House offerings are now sitting on the market for months at a time, with average months of supply above 3 in most provinces. A popular rule of thumb for declaring a recession for a country is to experience 2 consecutive quarters of overall Gross Domestic Product decline. The average person can tell you that they are experiencing a recession well before it is formally declared. A similar thing can be experienced in the housing market. For sellers with a less desirable product, they will easily be able to point to qualitative examples of the market shifting. 

The changes in the market shouldn’t be a surprise once you understand how increasing prices and increasing interest rates affect the home buyer. Let’s take an unidentified BC Home that cost $800,000 in June of last year. Now, it costs $890,000 (rounded up for simplicity). If we take last year's rate of, say, 2.5% and a new rate of 5%, this is what we come up with.

  • June 2021: $800,000 home, 20% down 5 year fixed rate mortgage, 30 year amortization = $3,415
  • June 2022: $890,000 home, 20% down 5 year fixed rate mortgage, 30 year amortization = $3,800.

The same home, for $400/month more. In Vancouver, with home prices regularly stretching above $1M, this difference is even more exacerbated. Buyers are going to need a lot more inventory to come to market and sit to encourage sellers to drop prices further. Looking at the above data, we can see that it takes time for sellers to respond to changing market conditions. As an aside, we could expect to see rents increase as prospective buyers may no longer be able to qualify under these increased interest rates.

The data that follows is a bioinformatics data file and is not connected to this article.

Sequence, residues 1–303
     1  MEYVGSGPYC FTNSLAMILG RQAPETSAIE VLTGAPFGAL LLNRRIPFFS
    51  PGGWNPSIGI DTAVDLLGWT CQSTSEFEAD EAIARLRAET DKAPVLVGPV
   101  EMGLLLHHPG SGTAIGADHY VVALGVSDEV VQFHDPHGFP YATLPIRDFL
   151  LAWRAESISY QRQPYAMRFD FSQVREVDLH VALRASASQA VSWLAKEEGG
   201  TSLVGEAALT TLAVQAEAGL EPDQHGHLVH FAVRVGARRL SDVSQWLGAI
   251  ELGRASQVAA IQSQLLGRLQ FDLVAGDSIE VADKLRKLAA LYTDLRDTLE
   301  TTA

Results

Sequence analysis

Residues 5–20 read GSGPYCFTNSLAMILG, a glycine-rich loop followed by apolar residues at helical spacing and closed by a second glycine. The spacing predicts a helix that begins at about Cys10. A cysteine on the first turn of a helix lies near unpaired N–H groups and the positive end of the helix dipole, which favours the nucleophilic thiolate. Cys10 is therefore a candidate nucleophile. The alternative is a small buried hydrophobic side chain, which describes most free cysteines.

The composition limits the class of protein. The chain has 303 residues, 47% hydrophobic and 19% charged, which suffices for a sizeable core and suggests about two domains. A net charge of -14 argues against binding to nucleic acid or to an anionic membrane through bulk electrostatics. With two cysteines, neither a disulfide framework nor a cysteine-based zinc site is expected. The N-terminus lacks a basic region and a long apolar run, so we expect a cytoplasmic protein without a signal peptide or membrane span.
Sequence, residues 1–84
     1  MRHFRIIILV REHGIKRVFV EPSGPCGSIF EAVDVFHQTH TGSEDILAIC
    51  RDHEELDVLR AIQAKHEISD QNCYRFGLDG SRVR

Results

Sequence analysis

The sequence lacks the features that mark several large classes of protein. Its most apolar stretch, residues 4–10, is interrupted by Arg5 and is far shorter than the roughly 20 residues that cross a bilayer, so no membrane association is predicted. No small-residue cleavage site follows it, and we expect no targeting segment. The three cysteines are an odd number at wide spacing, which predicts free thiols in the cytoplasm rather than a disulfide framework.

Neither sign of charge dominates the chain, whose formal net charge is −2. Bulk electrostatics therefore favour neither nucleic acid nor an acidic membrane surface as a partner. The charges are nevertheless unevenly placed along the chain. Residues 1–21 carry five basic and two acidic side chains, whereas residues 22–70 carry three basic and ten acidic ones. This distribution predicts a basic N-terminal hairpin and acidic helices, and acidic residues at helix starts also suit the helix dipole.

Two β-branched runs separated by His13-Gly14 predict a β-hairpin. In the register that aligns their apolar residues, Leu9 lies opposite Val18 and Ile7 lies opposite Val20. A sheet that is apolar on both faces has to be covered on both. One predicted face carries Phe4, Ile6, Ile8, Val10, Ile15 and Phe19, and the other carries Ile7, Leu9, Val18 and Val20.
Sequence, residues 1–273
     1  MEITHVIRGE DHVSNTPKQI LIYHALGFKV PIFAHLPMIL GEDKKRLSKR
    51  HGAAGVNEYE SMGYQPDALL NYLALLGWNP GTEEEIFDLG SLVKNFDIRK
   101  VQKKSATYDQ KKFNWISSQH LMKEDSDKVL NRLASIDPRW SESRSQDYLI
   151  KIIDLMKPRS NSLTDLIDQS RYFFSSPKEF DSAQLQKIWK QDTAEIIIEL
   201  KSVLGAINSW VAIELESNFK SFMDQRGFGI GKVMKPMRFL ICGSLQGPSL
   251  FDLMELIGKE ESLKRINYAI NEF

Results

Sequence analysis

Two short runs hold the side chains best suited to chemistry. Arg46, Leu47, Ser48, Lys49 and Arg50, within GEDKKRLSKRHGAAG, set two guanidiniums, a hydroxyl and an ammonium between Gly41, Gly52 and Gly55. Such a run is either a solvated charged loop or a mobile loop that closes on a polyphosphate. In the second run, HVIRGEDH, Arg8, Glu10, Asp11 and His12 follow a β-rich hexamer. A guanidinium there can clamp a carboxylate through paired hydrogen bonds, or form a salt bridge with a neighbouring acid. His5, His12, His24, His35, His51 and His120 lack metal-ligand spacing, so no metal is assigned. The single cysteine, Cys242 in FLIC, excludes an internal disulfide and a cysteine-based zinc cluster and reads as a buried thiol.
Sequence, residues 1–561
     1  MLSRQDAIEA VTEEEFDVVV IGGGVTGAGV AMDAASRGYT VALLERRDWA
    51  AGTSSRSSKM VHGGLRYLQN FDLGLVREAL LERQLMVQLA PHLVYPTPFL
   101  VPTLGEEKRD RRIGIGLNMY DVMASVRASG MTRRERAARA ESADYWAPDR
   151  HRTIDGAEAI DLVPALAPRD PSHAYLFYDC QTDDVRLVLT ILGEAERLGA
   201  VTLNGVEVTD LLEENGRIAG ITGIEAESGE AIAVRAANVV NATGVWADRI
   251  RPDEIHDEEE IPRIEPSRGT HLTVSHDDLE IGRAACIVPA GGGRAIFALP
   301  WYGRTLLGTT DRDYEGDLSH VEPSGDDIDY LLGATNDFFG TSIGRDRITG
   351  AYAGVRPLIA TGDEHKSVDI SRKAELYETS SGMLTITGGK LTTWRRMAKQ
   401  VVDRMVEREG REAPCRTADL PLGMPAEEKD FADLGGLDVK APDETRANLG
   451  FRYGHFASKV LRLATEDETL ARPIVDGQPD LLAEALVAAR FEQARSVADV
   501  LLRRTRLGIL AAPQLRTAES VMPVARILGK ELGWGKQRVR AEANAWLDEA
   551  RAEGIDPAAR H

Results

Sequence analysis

Although these changes may not be showing up in the data for sellers, you don’t need to look far to find examples. Check out this article about an Ottawa family who had to sell their near identical home for $150,000 less than the couple down the street. Regardless of their personal situation (they still experienced a more than two times gain in 7 years), it showcases that things are changing across the country.

What’s Causing the Change?

So, it’s clear that the real estate market across the province is shifting and will continue to shift. What is driving these changes? Primarily, the effect comes from rising interest rates. Headlines over the past weeks and months in the financial sector have pointed again and again to raising interest rates. A big change occurred on July 13th, when the Bank of Canada raised interest rates by 1% (or 100 basis points in financial terms), the biggest increase since 1998! It will take more than a few weeks to see the real ramifications of this kind of change, both on the practical financial side and the psychological side of the indirect declaration of a recession.